“Everything is cool when you’re part of a team!”
– Tegan and Sara, “Everything is Awesome” from The Lego Movie
Part of what makes peer-to-peer fundraising an even more rewarding experience than simply donating to a good cause is the feeling that fundraisers are part of a team, that they are working with like-minded people to do more than they could do alone.
This is especially true when organizations give supporters the option to be part of a designated fundraising team.
In a recent post, we talked about how to recruit supporters to fundraise for you year-round. In this post, we’ll expand on the topic of peer-to-peer fundraising by showing how to organize and manage fundraising teams during a campaign.
We’ll start with some reasons why organizing your fundraisers into teams can be effective, including creating strong community spirit and leadership even within small groups. Finally, we’ll go over how your nonprofit can manage these teams and create an experience that keeps fundraisers coming back.
Before we get into the nitty-gritty of how to organize and manage fundraising teams, we should consider how forming teams can boost a campaign’s success. You may be wondering why you should split up your pool of fundraisers into smaller groups.
Some of the most important reasons are:
By committing to fundraise along with the rest of their team, fundraisers have a group of people they are responsible to. In other words, if someone creates a general fundraising page, they could just forget about it or lose interest. If they are part of a team, they will know that others will notice and be affected by their inaction. This knowledge will be even more powerful if they know their team members personally.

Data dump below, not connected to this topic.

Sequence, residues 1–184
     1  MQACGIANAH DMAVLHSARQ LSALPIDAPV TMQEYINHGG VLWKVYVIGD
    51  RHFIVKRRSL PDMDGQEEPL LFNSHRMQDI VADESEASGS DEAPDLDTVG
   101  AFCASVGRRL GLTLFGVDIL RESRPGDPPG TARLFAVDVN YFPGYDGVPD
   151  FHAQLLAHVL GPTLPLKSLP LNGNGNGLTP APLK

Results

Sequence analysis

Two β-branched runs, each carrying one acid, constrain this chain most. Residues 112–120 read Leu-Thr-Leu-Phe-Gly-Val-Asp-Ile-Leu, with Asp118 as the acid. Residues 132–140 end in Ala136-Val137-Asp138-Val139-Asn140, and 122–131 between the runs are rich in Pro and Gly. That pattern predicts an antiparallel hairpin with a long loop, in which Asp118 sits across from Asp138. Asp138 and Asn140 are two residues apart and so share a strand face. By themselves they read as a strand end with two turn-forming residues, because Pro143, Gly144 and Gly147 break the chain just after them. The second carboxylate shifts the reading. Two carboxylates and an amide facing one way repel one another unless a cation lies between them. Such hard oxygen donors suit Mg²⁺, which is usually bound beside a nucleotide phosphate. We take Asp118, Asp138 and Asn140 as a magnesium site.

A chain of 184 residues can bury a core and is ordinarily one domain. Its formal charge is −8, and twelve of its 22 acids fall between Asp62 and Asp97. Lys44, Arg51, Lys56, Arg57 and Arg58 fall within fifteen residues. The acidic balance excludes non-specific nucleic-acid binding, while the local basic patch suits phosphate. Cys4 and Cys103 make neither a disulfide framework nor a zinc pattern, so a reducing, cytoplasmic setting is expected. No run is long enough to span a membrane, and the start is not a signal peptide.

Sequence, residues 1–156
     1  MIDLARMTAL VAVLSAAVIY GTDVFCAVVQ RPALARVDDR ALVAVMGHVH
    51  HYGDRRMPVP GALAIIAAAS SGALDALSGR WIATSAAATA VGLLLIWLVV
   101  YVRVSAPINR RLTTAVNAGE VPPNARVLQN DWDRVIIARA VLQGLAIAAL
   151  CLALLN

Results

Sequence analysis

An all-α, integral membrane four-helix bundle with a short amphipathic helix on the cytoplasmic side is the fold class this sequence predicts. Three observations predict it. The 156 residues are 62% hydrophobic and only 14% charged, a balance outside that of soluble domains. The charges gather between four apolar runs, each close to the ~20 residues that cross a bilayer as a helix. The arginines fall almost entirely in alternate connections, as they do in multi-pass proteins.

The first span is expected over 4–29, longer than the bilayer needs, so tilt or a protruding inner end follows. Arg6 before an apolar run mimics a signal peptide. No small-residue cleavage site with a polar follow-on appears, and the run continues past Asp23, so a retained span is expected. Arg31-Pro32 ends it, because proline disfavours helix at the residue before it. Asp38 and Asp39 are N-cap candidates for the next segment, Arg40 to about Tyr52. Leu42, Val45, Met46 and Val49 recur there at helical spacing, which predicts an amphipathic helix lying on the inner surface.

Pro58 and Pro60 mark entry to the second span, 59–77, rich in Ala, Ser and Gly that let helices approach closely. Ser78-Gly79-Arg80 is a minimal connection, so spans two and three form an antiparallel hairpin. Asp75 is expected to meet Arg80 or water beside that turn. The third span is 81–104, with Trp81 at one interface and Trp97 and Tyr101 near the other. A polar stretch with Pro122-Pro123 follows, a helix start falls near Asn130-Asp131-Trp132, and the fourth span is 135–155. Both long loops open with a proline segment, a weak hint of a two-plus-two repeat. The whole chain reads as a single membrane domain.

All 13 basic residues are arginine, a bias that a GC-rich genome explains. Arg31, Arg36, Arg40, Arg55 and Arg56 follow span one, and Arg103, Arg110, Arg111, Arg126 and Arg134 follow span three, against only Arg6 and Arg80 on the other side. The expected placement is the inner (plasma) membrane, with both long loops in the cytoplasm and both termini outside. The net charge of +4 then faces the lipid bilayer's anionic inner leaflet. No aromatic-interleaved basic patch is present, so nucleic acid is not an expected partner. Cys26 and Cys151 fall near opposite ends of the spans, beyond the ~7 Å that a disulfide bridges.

2. Knowledge Share
Team members can share knowledge and tips to help the group succeed as a whole. People who are more experienced with fundraising can help the newbies and team members can offer encouragement to each other.
3. Personal Leadership and Support
Fundraising teams with a designated leader will have a closer point of contact to help them if they need it. Basically, instead of all your fundraisers sending you emails with all their questions, they can contact their team leader. The team leader not only raises money but also volunteers to guide and rally their team.
Having a smaller unit of fundraisers working together can help everyone get the support and encouragement they need without inundating you with every concern.
Organizing Your Fundraising Teams
Now, how do you field your fundraising teams?
It’s best if your fundraising teams are organized based on something they have in common, although it’s definitely not necessary. This gives team members an easy way to identify or differentiate the people they are working with.
A common and simple way to organize teams is by location. You can group fundraisers by their county, school, or company. This can be a great way to create some healthy competition between teams. Feeding America San Diego’s Food From the Bar campaign pitted local law firms and schools against each other to compete and see who could raise the most money, gather the most food, and volunteer the most hours.